Telescope launching this year 'could find signs of alien life within five years'

Rob Waugh
·2 min read
GREENBELT, MD - NOVEMBER 02:  Engineers and technicians assemble the James Webb Space Telescope November 2, 2016 at NASA's Goddard Space Flight Center in Greenbelt, Maryland. The telescope, designed to be a large space-based observatory optimized for infrared wavelengths, will be the successor to the Hubble Space Telescope and the Spitzer Space Telescope. It is scheduled to be launched in October 2018.  (Photo by Alex Wong/Getty Images)
Engineers and technicians assemble the James Webb Space Telescope in 2016 at Nasa's Goddard Space Flight Center in Greenbelt, US. (Alex Wong/Getty Images)

A new telescope set to launch into space this October could find signs of alien life within five years, a scientist has said. 

The 21-foot James Webb Space Telescope will be able to see across billions of light years, capturing images of distant galaxies just after they formed.

It will also offer scientists a tool to find signs of life such as the chemical ammonia in the atmosphere of distant gas dwarf planets. 

Caprice Phillips, a graduate student at the Ohio State University, said: "What really surprised me about the results is that we may realistically find signs of life on other planets in the next five to 10 years.

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"Humankind has contemplated the questions, 'Are we alone? What is life? Is life elsewhere similar to us?'

"My research suggests that for the first time, we have the scientific knowledge and technological capabilities to realistically begin to find the answers to these questions."

The £6.3bn telescope will find the first galaxies that formed in the early universe and peer through dusty clouds to see stars forming planetary systems.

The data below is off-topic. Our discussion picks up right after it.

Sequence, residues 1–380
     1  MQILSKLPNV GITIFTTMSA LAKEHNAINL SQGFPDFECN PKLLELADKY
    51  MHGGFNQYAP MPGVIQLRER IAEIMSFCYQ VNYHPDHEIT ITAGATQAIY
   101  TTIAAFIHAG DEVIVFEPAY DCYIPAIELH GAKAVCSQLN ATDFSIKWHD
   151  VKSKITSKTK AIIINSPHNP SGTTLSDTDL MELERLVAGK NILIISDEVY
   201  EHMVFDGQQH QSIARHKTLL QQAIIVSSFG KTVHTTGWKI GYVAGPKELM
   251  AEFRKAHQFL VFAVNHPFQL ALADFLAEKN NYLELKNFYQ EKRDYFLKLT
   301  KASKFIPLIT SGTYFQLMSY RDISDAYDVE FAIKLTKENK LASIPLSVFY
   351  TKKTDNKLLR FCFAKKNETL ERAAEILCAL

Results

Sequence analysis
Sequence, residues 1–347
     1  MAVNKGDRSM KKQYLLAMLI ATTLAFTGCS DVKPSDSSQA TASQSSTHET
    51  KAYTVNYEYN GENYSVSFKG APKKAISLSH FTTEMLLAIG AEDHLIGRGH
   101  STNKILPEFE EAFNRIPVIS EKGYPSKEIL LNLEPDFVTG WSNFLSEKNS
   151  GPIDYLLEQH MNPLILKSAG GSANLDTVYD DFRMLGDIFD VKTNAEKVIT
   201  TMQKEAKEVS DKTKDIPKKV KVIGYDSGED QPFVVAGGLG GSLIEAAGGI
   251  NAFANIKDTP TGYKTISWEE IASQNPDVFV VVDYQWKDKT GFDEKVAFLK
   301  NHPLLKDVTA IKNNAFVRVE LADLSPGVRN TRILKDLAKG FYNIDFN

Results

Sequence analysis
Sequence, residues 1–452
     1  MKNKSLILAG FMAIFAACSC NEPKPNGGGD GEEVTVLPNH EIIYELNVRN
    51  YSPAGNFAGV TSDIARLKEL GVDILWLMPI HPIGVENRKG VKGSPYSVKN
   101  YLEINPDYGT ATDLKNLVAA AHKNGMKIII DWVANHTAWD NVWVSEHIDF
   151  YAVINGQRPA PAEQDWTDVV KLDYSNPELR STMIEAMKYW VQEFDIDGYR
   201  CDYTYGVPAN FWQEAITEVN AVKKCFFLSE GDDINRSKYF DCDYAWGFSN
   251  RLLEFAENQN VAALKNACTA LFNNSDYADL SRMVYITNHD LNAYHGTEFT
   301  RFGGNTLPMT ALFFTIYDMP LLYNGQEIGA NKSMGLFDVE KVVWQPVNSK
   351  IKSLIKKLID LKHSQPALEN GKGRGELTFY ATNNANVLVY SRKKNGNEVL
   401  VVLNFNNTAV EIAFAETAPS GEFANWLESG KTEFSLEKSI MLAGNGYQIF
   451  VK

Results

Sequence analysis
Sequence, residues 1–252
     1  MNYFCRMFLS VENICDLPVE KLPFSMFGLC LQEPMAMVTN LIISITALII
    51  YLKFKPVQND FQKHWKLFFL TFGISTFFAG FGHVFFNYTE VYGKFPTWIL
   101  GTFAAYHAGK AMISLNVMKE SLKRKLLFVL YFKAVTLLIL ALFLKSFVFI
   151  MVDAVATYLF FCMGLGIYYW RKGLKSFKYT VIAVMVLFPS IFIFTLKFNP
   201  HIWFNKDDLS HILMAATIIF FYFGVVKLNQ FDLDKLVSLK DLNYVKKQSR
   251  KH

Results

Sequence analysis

The James Webb Space Telescope (JWST or Webb), 3d illustration, elements of this image are furnished by NASA
3D illustration of the James Webb Space Telescope. (Getty)

It will also have the ability to examine the atmosphere of "gas dwarf" planets – super-Earths or mini-Neptunes with the potential to foster life. 

Until now, scientists have struggled to determine whether the atmosphere of gas dwarfs contain signs of life, such as ammonia. 

Importantly, the telescope will be able to do this rapidly. 

Phillips calculated that when the Webb telescope launches this October, it could feasibly detect ammonia around six gas dwarf planets after just a few orbits.

Philips and her team modelled how its instruments would respond to varying clouds and atmospheric conditions.

The team produced a ranked list of where the telescope should search for life.

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Several innovative technologies have been developed for the telescope, including a primary mirror made of 18 separate segments that unfold and adjust to shape after launch. 

The mirrors are made of ultra-lightweight beryllium. 

Its biggest feature is a tennis-court-sized five-layer sunshield that attenuates heat from the Sun more than a million times. 

The telescope’s four instruments – cameras and spectrometers – have detectors that are able to record extremely faint signals. 

One instrument (NIRSpec) has programmable microshutters, which enable observation of up to 100 objects simultaneously. 

Webb also has a cryocooler for cooling the mid-infrared detectors of another instrument to a very cold 7 kelvins (-447F) so they can work.

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